• I’m a 5 ft 4 female that is a minority. I’m 32 years old. I can imagine what it’s like to be pulled over by a police officer and I can honestly say that it isn’t an issue. I also reject the idea that officer deserved to be shot because he “yelled at someone.”

      Just because I’m a minority doesn’t mean that I have bad experiences with law enforcement. That’s a gross over generalized misconception.

      Like

      • Katie D says:

        My life experiences are mine, and yours are yours. I do not diminish your thoughts regarding law enforcement, so do not disregard mine. I have members of my family that are law enforcement and I would not want to see anything bad happen to them. Is it wrong to suggest that police at least try to be polite to the public that pays their salary? It would go a long way for public relations.

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    • Linda says:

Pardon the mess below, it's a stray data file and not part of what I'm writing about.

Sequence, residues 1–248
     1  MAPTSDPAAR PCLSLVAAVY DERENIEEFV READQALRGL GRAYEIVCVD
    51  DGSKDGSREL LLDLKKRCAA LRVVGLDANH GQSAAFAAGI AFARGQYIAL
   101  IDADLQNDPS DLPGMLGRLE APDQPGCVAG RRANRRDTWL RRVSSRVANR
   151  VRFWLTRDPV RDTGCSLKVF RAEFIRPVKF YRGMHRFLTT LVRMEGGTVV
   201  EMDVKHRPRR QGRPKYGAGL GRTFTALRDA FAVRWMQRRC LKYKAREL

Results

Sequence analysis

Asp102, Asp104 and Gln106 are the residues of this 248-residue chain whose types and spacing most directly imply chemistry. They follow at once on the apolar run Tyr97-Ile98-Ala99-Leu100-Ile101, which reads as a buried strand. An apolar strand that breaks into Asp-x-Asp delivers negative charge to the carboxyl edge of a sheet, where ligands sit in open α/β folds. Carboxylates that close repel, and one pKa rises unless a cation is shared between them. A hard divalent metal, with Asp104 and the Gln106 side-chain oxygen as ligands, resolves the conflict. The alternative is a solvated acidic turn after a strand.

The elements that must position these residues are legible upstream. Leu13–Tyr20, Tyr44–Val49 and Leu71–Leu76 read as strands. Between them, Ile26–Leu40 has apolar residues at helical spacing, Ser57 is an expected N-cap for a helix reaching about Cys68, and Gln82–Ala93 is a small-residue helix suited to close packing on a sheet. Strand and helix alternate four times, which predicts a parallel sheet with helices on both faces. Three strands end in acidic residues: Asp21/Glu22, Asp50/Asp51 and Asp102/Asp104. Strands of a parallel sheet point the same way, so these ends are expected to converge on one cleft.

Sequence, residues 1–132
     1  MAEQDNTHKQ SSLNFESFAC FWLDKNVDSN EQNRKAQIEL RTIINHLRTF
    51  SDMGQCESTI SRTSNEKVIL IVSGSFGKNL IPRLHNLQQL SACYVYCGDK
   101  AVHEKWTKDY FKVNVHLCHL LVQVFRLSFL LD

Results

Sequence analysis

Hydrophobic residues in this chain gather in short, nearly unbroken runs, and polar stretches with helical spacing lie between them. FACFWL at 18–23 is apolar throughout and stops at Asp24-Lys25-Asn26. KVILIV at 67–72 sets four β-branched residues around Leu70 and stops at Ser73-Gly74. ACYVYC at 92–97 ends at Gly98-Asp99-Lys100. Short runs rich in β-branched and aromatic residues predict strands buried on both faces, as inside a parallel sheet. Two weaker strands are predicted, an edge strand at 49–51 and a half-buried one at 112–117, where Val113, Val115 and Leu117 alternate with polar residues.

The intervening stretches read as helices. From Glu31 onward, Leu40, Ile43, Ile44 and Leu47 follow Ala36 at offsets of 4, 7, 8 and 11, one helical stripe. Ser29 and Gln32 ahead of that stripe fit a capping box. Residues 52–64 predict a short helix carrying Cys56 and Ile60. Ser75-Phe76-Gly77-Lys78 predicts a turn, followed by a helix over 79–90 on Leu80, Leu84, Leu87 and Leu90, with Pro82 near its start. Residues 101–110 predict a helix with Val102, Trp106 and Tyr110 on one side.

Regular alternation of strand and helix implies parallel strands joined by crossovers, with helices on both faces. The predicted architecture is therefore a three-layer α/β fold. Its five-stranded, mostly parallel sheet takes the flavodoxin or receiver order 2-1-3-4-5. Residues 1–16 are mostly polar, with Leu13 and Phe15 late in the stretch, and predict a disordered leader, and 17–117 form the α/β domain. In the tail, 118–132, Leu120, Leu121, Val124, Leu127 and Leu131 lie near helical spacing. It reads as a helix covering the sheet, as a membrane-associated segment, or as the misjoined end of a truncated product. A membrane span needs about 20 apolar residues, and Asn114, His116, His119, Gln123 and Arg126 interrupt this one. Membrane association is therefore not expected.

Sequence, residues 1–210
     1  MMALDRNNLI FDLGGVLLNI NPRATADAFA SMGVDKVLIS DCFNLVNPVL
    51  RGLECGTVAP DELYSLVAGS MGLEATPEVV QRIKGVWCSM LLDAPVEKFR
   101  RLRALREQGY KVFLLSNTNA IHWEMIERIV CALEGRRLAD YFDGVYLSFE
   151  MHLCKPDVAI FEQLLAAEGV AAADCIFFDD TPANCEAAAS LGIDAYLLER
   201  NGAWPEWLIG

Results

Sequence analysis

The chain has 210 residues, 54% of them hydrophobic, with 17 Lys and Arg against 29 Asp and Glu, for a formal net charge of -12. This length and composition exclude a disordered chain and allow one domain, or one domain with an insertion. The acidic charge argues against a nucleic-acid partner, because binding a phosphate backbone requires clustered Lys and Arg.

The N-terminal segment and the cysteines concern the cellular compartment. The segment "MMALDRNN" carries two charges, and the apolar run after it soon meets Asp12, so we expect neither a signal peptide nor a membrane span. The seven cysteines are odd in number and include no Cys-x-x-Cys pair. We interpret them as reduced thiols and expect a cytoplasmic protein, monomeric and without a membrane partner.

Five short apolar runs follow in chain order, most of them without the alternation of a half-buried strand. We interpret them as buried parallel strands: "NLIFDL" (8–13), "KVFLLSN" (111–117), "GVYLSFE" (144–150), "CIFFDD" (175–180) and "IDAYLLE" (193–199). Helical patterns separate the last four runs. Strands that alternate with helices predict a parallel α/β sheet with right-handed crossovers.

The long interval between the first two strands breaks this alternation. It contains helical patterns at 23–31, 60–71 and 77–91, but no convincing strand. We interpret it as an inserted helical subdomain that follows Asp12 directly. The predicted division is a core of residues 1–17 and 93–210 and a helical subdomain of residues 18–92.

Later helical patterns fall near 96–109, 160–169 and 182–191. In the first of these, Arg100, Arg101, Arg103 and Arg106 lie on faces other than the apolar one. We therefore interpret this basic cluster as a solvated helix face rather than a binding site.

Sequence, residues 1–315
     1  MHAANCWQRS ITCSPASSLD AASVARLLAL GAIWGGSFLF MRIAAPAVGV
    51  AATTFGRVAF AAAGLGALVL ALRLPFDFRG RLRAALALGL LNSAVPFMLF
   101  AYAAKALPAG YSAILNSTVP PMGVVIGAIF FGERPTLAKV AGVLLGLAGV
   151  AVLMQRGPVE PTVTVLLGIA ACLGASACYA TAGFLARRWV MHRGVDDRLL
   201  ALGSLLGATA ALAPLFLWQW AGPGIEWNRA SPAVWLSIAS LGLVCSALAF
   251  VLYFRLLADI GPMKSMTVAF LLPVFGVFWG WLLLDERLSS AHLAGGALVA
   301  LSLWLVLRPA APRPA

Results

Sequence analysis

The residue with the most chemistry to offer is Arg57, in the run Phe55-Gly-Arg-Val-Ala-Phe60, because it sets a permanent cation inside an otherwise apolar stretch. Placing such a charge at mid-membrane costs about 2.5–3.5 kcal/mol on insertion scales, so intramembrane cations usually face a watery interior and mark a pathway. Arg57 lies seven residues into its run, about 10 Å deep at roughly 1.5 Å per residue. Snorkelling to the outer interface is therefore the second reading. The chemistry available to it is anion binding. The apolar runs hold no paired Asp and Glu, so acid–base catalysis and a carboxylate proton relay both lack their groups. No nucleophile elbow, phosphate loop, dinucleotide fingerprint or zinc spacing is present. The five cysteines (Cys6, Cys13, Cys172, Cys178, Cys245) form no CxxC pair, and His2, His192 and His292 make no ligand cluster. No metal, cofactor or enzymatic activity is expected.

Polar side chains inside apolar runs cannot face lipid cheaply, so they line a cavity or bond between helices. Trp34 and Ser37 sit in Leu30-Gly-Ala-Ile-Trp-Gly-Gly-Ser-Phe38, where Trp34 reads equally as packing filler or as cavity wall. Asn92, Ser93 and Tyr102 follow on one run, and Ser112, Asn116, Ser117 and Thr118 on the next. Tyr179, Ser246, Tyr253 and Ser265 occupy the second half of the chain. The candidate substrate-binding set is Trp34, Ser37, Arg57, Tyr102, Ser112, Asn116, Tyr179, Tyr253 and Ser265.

I don’t think that your experience was a good one or that it wasn’t terrifying. But saying you didn’t question why he was shot? Does shouting at someone really deserve losing your life? I think that is very extreme. Have you never in your life lost your cool? If not well you are very strong because I know I have. I don’t think I deserve to be shot for it. I agree that this type of job is attractive to bad people because of the power that comes with the position. But you didn’t really know this man. Maybe he was unfortunately having a bad day and you got the brunt of it? Maybe he was just an A-Hole but again that doesn’t deserve being shot? I think it’s a scary thing when people are so desensitized to death that something like this is brushed off as he probably deserved it.